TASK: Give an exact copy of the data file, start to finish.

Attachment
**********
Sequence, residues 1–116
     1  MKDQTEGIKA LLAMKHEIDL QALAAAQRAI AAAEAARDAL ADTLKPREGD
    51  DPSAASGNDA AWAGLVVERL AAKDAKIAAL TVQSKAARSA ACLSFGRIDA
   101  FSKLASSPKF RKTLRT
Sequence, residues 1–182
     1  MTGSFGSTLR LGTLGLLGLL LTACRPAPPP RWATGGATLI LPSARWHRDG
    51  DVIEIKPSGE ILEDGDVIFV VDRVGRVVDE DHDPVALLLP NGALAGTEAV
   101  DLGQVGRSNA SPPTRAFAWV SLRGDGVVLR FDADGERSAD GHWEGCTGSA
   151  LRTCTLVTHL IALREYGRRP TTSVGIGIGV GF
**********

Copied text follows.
Sequence, residues 1–116
     1  MKDQTEGIKA LLAMKHEIDL QALAAAQRAI AAAEAARDAL ADTLKPREGD
    51  DPSAASGNDA AWAGLVVERL AAKDAKIAAL TVQSKAARSA ACLSFGRIDA
   101  FSKLASSPKF RKTLRT
Sequence, residues 1–182
     1  MTGSFGSTLR LGTLGLLGLL LTACRPAPPP RWATGGATLI LPSARWHRDG
    51  DVIEIKPSGE ILEDGDVIFV VDRVGRVVDE DHDPVALLLP NGALAGTEAV
   101  DLGQVGRSNA SPPTRAFAWV SLRGDGVVLR FDADGERSAD GHWEGCTGSA
   151  LRTCTLVTHL IALREYGRRP TTSVGIGIGV GF